AAEP, AVMA call for passage of H.R. 6388 — Amendments to the Horse Protection Act
October 16, 2013
On Nov. 19, 2012, the American Veterinary Medical Association and the American Association of Equine Practitioners issued a joint statement of support for the Amendments to the Horse Protection Act, H.R. 6388.
"Soring is an unconscionable abuse of horses that is used to produce a high-stepping gait – the "Big Lick" – and gain an unfair competitive advantage in the show ring. For decades we've watched irresponsible individuals become more creative about finding ways to sore horses and circumvent the inspection process, and have lost faith in an industry that seems unwilling and/or unable to police itself. The AVMA and AAEP are committed to strengthening the USDA's ability to enforce the Horse Protection Act and ending this abuse for good. We strongly encourage
everyone who cares about the welfare of horses to contact their member of Congress and urge them to pass
H.R. 6388," said Dr. Doug Aspros, AVMA President.
Soring, by definition from the Horse Protection Act (HPA) passed by Congress in 1976, is: (edited for length)
"(A) an irritating or blistering agent applied, internally or externally, by a person to any limb of a horse, (B) any burn, cut, or laceration has been inflicted on any limb of a horse, (C) any tack, nail, screw, or chemical agent has been injected into or used by a person on any limb of a horse, or (D) any other substance or device has been used by a person on a limb of a horse and, as a result, such horse suffers physical pain or distress, inflammation, or lameness when walking, trotting, or otherwise moving; such term does not include such an application in connection with the therapeutic treatment of a horse."
Specifically, H.R. 6388:
• Makes the actual act of soring, or directing another person to cause a horse to become sore, illegal;
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• Requires the USDA (rather than the industry) to license, train, assign and oversee inspectors enforcing the Horse Protection Act;
• Prohibits the use of action devices (e.g., boot, collar, chain, roller, or other device that encircles or is placed upon the lower extremity of the leg of a horse) on any limb of Tennessee Walking Horses, Spotted Saddle horses, or Racking horses at horse shows, exhibitions, sales or auctions and bans weighted shoes, pads, wedges, hoof bands, or other devices that are not used for protective or therapeutic purposes;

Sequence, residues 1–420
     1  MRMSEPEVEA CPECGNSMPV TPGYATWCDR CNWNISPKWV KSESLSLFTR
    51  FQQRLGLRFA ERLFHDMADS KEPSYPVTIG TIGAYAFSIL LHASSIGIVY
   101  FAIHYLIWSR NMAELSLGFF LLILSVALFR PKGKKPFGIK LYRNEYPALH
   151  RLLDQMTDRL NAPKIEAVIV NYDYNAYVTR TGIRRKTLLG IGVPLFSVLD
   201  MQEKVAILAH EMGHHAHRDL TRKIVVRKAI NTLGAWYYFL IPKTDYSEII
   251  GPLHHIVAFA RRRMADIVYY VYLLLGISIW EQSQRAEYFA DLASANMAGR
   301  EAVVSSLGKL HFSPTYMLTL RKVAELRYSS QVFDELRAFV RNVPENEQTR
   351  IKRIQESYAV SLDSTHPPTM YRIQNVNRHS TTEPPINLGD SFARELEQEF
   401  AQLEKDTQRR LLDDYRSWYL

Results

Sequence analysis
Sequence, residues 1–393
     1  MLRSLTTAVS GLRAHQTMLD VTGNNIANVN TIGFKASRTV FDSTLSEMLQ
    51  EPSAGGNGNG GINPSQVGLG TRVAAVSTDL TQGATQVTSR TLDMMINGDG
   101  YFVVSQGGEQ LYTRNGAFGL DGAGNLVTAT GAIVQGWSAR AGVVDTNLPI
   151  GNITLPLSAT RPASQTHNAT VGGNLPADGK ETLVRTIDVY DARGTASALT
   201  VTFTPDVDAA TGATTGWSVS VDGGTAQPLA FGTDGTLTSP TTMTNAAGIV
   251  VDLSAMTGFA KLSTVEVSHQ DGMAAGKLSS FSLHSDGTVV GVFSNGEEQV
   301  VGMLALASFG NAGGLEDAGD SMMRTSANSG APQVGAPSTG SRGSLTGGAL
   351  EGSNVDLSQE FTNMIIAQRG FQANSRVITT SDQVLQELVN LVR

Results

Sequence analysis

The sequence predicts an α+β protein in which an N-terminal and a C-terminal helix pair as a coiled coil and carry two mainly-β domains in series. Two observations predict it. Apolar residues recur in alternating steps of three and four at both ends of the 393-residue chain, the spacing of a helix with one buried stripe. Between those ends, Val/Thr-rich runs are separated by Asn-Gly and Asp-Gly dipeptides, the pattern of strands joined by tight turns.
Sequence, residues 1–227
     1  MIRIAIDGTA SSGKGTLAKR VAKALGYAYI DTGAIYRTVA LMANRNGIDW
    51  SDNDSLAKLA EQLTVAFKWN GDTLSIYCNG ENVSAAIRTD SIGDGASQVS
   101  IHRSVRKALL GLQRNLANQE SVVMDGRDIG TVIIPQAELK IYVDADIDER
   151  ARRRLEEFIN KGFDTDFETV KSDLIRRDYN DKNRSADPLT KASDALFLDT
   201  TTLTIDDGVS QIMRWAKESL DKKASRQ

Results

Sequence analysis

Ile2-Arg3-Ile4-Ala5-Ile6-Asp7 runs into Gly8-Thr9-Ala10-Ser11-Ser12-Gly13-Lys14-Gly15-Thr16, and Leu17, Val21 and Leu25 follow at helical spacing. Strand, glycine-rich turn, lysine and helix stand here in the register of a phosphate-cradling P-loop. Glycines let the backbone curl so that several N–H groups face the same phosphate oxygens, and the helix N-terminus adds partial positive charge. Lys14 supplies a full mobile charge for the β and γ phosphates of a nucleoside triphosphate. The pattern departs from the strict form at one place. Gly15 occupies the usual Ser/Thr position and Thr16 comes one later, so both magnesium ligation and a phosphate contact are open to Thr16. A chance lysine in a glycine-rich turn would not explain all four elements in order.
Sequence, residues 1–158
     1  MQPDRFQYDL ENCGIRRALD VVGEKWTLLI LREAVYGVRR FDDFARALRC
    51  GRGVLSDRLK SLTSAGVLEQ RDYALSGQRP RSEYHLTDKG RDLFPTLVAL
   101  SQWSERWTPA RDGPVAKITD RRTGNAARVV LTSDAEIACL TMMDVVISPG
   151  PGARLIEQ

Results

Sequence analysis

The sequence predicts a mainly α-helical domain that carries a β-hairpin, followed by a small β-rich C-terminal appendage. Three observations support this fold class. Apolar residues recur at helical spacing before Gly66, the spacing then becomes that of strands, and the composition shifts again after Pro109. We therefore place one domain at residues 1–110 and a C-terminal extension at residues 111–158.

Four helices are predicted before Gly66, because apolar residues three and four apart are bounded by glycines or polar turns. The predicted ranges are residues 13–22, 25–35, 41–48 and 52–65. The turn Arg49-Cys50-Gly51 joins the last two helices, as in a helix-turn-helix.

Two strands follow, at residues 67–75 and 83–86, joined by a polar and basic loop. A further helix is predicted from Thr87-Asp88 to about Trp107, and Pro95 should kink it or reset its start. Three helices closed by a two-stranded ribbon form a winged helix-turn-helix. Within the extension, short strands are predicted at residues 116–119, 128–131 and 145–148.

• Increases civil and criminal penalties for violations, and creates a penalty structure that requires horses to be disqualified for increasing periods of time based on the number of violations; and,
• Allows for permanent disqualification from the show ring after three or more violations.
"The passage of H.R. 6388 will strengthen the Horse Protection Act and significantly increase the effort to end the abuse of the Tennessee Walking Horse," said AAEP President Dr. John Mitchell. "The AAEP encourages all veterinarians to contact their legislators to voice support for the bill and help end the cruel soring of these beautiful animals."
For more information on the AVMA and AAEP's efforts to stop this egregious abuse of horses, visit the AVMA's Soring Resource Page.
The American Association of Equine Practitioners, headquartered in Lexington, KY, was founded in 1954 as a non-profit organization dedicated to the health and welfare of the horse. Currently, the AAEP reaches more than 5 million horse owners through its nearly 10,000 members worldwide and is actively involved in ethics issues, practice management, research and continuing education in the equine veterinary
profession and horse industry.
The AVMA, founded in 1863, is one of the oldest and largest veterinary medical organizations in the world, with more than 82,500 member veterinarians worldwide engaged in a wide variety of professional activities. For more information, visit http://www.avma.org. F